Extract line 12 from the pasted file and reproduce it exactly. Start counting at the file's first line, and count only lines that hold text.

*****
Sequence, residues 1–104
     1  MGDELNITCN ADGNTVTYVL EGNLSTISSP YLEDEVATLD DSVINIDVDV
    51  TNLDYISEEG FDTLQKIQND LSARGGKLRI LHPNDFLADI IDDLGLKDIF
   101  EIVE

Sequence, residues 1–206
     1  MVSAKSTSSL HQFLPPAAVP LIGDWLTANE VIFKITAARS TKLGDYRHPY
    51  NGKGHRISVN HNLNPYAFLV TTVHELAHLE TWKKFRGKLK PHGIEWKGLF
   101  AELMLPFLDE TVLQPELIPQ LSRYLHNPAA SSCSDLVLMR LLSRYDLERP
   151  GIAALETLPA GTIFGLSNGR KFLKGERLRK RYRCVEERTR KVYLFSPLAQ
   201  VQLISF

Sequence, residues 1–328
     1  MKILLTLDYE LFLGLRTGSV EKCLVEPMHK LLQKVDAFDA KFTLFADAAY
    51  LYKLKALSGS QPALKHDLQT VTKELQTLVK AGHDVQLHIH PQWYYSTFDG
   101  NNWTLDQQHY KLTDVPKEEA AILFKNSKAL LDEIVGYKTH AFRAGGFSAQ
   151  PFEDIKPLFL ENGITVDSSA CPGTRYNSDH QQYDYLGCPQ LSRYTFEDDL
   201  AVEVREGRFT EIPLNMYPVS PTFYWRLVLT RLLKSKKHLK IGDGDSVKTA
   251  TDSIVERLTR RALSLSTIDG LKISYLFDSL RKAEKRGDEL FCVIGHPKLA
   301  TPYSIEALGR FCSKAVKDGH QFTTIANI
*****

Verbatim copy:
     1  MKILLTLDYE LFLGLRTGSV EKCLVEPMHK LLQKVDAFDA KFTLFADAAY